Lincoln wrote that he expected the slaves to “be free to abstain from all violence, unless in necessary self-defence,” and that they would “labor faithfully for reasonable wages.”

He then invited “such persons of suitable condition to be received into the armed service(s) of the United States,” something Frederick Douglass highly desired and campaigned for often.

One wonders if Lincoln, the President of the United States, had authority to free slaves in another country, the newly-founded Confederate States of America. Lincoln wrote,

“And upon this act, sincerely believed to be an act of justice, warranted by the Constitution, upon military necessity, I invoke the considerate judgment of mankind, and the gracious favor of Almighty God.” For Lincoln, the Proclamation was an “act of justice.”

Congress then took up the issue of outlawing slavery. The Senate passed the 13th Amendment in April 1864, and the House passed it in January of 1865 by a vote of 119 to 56.

On Feb. 1, 1865, Lincoln signed the Joint Resolution of Congress and submitted it to the state legislatures for ratification. The necessary three-fourths of the states ratified it by Dec. 6, 1865, and the 13th Amendment entered into the Constitution.

It consists of a single sentence. “Neither slavery nor involuntary servitude, except as a punishment for crime whereof the party shall have been duly convicted, shall exist within the United States, or any place subject to their jurisdiction.”

Feb. 1, the day when Lincoln signed the 13th Amendment, is now known as National Freedom Day. Freedom is a precious commodity. To receive it brings indescribable joy, but to lose it brings sorrow and grief. Without it, life is dull and ugly.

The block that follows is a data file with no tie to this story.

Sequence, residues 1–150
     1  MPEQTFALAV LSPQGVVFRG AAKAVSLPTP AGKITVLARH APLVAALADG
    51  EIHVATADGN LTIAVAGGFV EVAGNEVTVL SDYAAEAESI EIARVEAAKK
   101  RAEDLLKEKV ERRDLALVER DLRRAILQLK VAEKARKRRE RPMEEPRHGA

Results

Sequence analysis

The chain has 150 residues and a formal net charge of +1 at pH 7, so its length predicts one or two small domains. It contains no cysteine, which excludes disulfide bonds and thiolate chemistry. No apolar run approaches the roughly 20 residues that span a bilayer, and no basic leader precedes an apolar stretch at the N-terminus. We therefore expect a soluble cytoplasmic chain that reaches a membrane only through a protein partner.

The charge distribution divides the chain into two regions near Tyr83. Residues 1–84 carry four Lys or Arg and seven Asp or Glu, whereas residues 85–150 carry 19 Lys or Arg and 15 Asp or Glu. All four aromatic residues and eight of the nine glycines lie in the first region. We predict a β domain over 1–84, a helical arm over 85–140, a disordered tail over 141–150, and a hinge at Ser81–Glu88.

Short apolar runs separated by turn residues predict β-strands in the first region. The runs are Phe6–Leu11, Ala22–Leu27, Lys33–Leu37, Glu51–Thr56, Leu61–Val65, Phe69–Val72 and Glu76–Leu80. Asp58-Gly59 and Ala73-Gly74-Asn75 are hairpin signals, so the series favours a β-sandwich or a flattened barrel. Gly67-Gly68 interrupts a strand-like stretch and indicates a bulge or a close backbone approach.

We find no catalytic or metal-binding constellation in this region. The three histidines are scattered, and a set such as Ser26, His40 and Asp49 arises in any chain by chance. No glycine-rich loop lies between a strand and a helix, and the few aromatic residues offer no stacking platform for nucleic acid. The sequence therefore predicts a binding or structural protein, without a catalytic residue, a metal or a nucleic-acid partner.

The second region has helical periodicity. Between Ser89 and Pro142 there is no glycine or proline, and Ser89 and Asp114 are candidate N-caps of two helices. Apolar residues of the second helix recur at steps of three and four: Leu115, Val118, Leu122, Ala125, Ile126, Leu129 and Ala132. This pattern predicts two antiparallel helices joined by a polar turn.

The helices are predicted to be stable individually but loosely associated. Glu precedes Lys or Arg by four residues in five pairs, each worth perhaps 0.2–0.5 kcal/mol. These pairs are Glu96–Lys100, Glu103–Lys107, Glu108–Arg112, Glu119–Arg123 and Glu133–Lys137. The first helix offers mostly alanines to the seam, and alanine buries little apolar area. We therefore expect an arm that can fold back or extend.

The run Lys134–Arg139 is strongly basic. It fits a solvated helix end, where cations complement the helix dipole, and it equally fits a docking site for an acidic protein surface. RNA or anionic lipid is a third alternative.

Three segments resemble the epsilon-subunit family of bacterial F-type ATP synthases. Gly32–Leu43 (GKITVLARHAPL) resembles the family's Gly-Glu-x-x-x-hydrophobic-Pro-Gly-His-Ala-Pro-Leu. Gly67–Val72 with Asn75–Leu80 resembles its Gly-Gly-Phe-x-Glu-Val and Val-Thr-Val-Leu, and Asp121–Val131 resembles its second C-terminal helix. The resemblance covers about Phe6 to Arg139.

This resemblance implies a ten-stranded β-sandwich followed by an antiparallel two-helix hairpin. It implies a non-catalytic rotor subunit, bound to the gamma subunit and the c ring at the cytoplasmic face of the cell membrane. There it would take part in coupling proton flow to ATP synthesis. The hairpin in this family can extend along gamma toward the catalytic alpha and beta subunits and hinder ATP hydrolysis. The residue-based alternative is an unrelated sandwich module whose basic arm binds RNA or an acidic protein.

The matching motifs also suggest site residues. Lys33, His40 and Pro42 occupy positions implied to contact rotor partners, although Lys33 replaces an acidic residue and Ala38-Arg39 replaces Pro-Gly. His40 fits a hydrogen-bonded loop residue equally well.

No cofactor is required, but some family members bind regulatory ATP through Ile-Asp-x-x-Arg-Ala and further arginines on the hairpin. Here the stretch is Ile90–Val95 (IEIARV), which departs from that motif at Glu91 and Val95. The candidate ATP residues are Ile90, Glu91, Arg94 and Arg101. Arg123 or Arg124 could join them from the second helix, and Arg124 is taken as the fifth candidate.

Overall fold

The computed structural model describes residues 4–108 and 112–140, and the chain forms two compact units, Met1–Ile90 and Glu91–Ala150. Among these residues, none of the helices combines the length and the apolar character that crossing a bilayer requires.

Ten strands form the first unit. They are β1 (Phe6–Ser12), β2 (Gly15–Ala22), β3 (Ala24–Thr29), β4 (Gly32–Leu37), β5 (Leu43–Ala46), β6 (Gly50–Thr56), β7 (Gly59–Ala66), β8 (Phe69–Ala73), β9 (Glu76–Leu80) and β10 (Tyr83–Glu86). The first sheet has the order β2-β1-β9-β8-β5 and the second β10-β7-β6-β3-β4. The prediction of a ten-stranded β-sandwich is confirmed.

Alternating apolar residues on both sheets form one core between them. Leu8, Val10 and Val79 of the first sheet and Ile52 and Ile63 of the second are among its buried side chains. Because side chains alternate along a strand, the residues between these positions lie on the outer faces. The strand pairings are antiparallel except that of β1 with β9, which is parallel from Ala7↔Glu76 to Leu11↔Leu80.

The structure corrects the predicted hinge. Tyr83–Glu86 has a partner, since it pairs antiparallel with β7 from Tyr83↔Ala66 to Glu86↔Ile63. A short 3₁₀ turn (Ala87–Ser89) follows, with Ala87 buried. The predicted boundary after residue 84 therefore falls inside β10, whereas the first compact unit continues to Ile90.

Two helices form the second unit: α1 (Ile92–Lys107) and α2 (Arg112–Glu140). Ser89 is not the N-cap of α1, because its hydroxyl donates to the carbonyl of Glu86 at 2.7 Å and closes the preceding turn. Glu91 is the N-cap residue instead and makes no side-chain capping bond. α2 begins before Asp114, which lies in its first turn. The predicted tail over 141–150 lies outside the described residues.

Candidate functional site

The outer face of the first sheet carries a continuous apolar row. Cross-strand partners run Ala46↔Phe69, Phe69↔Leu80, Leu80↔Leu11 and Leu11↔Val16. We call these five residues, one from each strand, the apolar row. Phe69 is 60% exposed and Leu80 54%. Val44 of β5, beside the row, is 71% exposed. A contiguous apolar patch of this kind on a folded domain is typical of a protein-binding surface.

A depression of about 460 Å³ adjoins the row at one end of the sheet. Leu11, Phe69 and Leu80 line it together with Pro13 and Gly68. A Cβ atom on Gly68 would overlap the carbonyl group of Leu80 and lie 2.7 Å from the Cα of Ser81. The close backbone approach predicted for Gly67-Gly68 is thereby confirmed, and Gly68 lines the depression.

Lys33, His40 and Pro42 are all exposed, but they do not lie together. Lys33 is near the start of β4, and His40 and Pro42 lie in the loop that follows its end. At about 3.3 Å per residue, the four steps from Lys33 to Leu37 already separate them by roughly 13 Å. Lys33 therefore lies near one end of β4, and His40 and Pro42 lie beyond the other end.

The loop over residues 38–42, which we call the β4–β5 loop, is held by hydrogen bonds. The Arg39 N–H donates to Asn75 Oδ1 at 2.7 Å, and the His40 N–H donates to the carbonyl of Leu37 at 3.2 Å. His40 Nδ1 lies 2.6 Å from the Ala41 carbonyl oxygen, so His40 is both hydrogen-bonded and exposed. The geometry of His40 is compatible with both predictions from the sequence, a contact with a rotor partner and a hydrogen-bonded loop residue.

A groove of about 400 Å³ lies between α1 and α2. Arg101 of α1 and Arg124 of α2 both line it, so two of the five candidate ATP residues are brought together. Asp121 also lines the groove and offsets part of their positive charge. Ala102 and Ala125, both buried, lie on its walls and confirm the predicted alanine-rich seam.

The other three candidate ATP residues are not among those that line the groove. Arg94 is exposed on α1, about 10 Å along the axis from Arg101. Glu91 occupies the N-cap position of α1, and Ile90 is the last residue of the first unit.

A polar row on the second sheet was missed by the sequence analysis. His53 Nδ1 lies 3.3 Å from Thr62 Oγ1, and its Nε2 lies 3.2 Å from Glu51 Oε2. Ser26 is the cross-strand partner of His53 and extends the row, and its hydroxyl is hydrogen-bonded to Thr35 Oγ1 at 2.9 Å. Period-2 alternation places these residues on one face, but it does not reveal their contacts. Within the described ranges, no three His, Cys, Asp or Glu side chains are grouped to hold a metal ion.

Frederick Douglass said it best prior to Lincoln’s Emancipation Proclamation, “The fate of our country is dependent upon the liberation of the slave.”

History has swept aside the Confederate’s idea that one race is superior to another. The Confederacy’s flag and all it stood for are gone. Black History Month begins Thursday, and National Freedom Day is Thursday.

Frederick Douglass’ “Slaveholder’s Sermon”

Frederick Douglass’ “Slaveholder’s Sermon”

David Blight teaches Civil War and Reconstruction history at Yale University. In 2018, Blight published a biography on the abolitionist Frederick Douglass, entitled, “Frederick Douglass: Prophet of Freedom.”

Blight tells a remarkable story. His biography deserved and did win the Pulitzer Prize in 2019.

Blight describes Douglass as a spell-binding lecturer through most of the nineteenth century, who left audiences both weeping and laughing, their emotions whipsawed by his incredible story of how he escaped from oppression and a brutal form of slavery in eastern Maryland.

Few of those who heard him speak could understand how this black man, who displayed awe-inspiring and phenomenal language skills on the lecture circuit, could have once worked as an uneducated field hand. Audiences wanted to know, “How did his transformation happen?”

Douglass was an autodidact, self-taught. It was an intense struggle, but on his own and in secret he learned to read. In slave-holding states laws on the books prevented white people from teaching black slaves how to read or write. Yet, Douglass was determined to master words.

In his lectures, Douglass often described his horrible days as a slave, drawing upon vivid details of how his owners would whip him, and that the scars across his back were proof.